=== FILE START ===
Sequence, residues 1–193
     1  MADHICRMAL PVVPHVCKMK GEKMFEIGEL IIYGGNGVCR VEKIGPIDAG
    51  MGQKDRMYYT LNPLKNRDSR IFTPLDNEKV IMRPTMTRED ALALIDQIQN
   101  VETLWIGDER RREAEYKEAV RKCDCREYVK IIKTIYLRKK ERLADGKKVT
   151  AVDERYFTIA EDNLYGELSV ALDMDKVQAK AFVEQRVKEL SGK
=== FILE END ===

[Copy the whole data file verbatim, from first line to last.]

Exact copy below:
Sequence, residues 1–193
     1  MADHICRMAL PVVPHVCKMK GEKMFEIGEL IIYGGNGVCR VEKIGPIDAG
    51  MGQKDRMYYT LNPLKNRDSR IFTPLDNEKV IMRPTMTRED ALALIDQIQN
   101  VETLWIGDER RREAEYKEAV RKCDCREYVK IIKTIYLRKK ERLADGKKVT
   151  AVDERYFTIA EDNLYGELSV ALDMDKVQAK AFVEQRVKEL SGK